Daily Special Current Affairs Material for IAS (Pre) 2013 – Topic: “Tapping Energy From Small Hydro Power Projects”

Daily Special Current Affairs Material for IAS (Pre) 2013

Chapter: Science & Technology

Topic: Tapping Energy From Small Hydro
Power Projects

Q. What is the potential and present status of SHP in India?

Ans. Small Hydro Power (SHP)
in India has been standardized up to the level of 25MW. India has an estimated
SHP potential of about 15,000MW of which only 20% has been tapped.

It is proposed to install 2000MW additional power generation
capacity from SHP in the Twelfth Five Year Plan.

The energy is converted into electricity by using a turbine
coupled to a generator. The hydro power potential of a site is dependent on the
discharge and head of water. These projects can be set up on rivers, canals or
at dams.

Q. In how many categories SHP can be classified?

Ans. They are classified
as Micro hydro (up to 100kW), Mini hydro (101-2000kW i.e. 2MW) and Small hydro
(above 2MW up to 25MW). SHP is economical and at the same time is compatible
with use of water for other purposes like drinking, irrigation etc. It can also
provide electricity in a decentralized manner. It gives the flexibility of
installation and operation in a distributed mode.

The above Contents are the part of our on going programme of Special Current
Affairs Material for IAS (Pre) 2013. Which consist:

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    India Year Book & Economic Survey, Government Plans Programme &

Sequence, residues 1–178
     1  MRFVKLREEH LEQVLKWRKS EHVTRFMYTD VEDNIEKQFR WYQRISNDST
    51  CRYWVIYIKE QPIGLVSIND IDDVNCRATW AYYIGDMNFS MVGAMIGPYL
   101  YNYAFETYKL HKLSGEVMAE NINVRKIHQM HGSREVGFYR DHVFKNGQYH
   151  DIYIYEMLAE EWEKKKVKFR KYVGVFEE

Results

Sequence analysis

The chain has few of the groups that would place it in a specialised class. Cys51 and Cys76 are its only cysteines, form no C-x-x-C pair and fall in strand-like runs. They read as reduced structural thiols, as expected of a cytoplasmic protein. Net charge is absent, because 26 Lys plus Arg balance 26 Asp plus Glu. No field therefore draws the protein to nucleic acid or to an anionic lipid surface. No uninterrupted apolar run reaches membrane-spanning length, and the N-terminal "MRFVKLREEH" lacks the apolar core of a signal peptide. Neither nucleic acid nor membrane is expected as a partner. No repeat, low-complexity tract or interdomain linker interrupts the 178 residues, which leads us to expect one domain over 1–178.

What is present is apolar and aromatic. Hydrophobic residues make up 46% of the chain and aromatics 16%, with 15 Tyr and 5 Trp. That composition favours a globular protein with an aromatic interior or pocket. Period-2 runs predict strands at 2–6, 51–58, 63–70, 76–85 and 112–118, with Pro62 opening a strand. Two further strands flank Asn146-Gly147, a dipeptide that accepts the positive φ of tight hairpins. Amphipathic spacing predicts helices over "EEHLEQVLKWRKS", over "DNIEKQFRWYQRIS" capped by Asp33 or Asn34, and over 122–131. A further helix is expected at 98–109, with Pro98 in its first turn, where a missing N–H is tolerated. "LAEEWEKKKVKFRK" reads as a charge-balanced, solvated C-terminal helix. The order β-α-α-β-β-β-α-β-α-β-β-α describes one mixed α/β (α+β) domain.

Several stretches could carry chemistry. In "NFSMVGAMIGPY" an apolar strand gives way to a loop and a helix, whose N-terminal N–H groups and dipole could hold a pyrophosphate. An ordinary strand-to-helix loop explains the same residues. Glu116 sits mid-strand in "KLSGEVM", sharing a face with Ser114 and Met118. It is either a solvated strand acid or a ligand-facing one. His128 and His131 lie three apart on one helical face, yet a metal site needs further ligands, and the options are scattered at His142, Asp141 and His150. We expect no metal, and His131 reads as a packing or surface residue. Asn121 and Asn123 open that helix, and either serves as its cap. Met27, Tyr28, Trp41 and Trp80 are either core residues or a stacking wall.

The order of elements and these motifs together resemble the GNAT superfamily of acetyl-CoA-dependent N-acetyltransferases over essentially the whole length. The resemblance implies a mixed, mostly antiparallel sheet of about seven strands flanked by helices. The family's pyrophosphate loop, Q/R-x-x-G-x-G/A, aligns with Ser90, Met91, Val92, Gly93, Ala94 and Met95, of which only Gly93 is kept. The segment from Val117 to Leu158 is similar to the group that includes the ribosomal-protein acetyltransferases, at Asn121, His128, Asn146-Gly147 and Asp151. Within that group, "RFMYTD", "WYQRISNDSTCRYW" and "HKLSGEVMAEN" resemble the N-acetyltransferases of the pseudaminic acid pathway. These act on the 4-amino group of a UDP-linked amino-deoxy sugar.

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Q. What are the main benefits of SHP?

Ans.

  • The power generation is environmentally friendly because
    it causes negligible or no submergence; minimal deforestation and hence
    reduced impact on flora, fauna and biodiversity.

  • The standard indigenous technologies for the SHP are
    available and hence only minor adaptation to specific site conditions is
    required. While SHP projects on rivers involve higher costs of civil works
    than those on canals, the cost of equipments for canal based projects is
    relatively higher. SHP projects generally cost between Rs.7-8.5 crore per
    MW. SHP projects generally have a pay- back period of 5-7 years depending
    upon the capacity utilization factor.

Q. What is the concept of Water Mills and what its presence
in India?

Ans. Water mills also
known as gharats in the northern part of the country are traditionally used for
mechanical energy. The Himalayan region alone is the house for about 100,000
water mills, used for mechanical applications like grain grinding and oil
extraction. Water mills have, generally, low conversion efficiency and hence
improved water mills have been developed for mechanical applications as well as
electricity generation.

The state of Uttarakhand has the distinction of already
setting up over 500 such water mills in its remote and isolated areas. While
about 3342 MW capacity has been installed in the small hydro power sector, 2025
water mills/micro hydel projects were also functional at the end of February,
2012.

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